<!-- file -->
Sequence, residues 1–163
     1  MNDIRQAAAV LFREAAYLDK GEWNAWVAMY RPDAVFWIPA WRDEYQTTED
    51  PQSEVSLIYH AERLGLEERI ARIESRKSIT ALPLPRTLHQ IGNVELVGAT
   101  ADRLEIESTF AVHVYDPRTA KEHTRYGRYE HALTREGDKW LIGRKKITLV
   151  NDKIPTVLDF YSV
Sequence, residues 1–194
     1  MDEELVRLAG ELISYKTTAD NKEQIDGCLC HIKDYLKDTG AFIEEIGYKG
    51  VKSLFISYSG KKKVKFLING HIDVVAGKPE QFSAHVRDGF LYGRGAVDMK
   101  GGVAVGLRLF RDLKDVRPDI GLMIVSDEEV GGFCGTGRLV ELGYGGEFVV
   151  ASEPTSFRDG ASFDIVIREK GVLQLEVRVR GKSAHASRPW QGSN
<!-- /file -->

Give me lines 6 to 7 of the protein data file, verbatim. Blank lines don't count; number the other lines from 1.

Sequence, residues 1–194
     1  MDEELVRLAG ELISYKTTAD NKEQIDGCLC HIKDYLKDTG AFIEEIGYKG